A man sits alone in a darkened room. ‘Ding-dong’, the bell rings. The man picks up a gun from behind an armchair, he opens the door.
“Come in,” he mutters. He shoots the visitor in the head at point blank range.
So begins Caryl Churchill’s short play Ding Dong The Wicked, directed by Dominic Cooke, at the Royal Court Theatre. A curious production of just 25 minutes, Churchill’s latest show follows her title Love and Information, currently running on the same stage.
A young man is preparing to go to war. His family rally around him, wringing their hands, pacing the room with fret, self-pity, anger and paranoia. A flag of unknown nationality hangs on the wall, the most colourful prop on stage, seeming to command them. Churchill’s theme - the perils of patriotism and the folly of war - is portrayed in a tiny claustrophobic living room.
Sophie Stanton (A Woman in Blue), Jennie Stoller (A Woman Who Bites), Claire Foy (A Young Woman Carrying a Flower), Daniel Kendrick (A Pale Young Man), Stuart McQuarrie (An Overweight Man), John Marquez (A Quiet Man).
The family drink constantly, downing shots of vodka, filling each other’s glasses as they rattle off their cryptic angst-ridden lines, regularly interjecting with the question “Drink?”. The nonsensical slogan of their cause is occasionally chanted at a television set: “zig zig zig, zag zag zag.”
A different flag hangs on the wall for each of the two Acts, representing two families squaring up for battle, played by the same actors. Democracy versus Communism? East against West? The detail is intentionally unclear, moreover, it feels irrelevant: the tale of war is always told from the same morbid book.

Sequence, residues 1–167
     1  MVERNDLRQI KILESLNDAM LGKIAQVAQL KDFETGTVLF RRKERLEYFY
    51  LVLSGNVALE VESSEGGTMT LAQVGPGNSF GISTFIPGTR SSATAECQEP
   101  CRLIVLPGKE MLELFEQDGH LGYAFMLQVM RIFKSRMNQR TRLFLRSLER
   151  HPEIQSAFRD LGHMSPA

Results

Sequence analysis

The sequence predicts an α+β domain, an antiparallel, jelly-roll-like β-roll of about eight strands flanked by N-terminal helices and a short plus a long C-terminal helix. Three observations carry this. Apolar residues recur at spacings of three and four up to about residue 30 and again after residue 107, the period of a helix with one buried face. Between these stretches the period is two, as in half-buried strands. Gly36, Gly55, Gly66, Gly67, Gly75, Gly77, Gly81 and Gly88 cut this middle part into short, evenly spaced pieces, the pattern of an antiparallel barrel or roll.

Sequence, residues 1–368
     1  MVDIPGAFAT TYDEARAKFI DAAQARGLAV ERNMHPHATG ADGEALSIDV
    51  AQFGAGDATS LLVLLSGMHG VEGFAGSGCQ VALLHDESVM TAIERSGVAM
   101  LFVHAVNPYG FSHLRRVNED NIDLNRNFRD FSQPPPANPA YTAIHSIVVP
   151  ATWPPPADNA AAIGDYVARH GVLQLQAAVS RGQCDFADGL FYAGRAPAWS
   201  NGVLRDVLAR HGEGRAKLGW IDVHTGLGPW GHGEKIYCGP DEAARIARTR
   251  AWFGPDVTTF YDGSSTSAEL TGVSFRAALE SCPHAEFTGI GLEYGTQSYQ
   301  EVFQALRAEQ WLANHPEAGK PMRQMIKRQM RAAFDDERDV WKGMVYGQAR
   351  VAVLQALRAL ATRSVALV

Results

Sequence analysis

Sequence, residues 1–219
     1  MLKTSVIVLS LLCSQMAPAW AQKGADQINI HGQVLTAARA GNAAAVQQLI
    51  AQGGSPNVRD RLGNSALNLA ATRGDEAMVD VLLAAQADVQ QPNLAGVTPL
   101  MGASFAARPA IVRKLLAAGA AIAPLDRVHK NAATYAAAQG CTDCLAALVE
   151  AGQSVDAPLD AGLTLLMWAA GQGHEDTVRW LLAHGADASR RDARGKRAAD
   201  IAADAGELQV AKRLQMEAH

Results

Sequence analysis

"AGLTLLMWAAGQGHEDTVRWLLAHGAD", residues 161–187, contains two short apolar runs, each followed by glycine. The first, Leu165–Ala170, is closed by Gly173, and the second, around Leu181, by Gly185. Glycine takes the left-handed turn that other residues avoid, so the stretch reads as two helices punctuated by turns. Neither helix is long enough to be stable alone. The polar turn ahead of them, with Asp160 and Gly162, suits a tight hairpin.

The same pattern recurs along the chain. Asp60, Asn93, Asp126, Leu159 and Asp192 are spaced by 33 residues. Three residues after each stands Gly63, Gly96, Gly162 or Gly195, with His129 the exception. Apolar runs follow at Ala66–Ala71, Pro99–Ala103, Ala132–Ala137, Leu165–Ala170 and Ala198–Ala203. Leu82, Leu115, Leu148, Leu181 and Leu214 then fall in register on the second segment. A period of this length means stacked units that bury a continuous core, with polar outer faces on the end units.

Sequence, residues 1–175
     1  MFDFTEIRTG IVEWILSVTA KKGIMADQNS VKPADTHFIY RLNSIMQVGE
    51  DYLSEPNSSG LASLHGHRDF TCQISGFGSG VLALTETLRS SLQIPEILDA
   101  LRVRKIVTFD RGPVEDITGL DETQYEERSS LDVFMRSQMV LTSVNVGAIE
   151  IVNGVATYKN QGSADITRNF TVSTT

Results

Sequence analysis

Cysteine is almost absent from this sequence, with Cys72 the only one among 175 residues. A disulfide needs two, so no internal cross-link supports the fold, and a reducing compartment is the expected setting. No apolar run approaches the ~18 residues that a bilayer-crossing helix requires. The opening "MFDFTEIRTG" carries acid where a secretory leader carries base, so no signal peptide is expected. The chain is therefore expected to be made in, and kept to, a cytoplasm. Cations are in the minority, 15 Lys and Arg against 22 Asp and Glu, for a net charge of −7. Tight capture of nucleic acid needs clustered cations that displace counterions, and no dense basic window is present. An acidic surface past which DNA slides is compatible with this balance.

We follow the twisted reasoning of the families preparing for murder: “I think people should try to forgive each other,” a girl clutching a flower says, “We can’t do that,” replies a man. “No, I know” she concedes.
Daniel Kendrick (A Pale Young Man), Claire Foy (A Young Woman Carrying a Flower).
Stand out performances come from Jennie Stoller and Claire Foy, playing two characters each, covering meek and severe extremes.
In the style of Love and Information’s ‘punchy postcards of British life’, Ding Dong The Wicked is an equally snappy bite-sized taster of a play, which relies on the audience to tie up the loose ends on stage, working hard for their appreciation of the art.
Claire Foy (A Young Woman with a Cigarette), John Marquez (A Man Who Bites His Nails).
Churchill is daring in her play forms, Ding Dong The Wicked is no exception. Some may find this latest offering terse and obscure, however, in the spirit of explorative theatre, Ding Dong The Wicked is an intriguing and satisfying production.
Ding Dong The Wicked is running at the Royal Court Theatre, London, 1 Oct 2012 - 13 Oct 2012.
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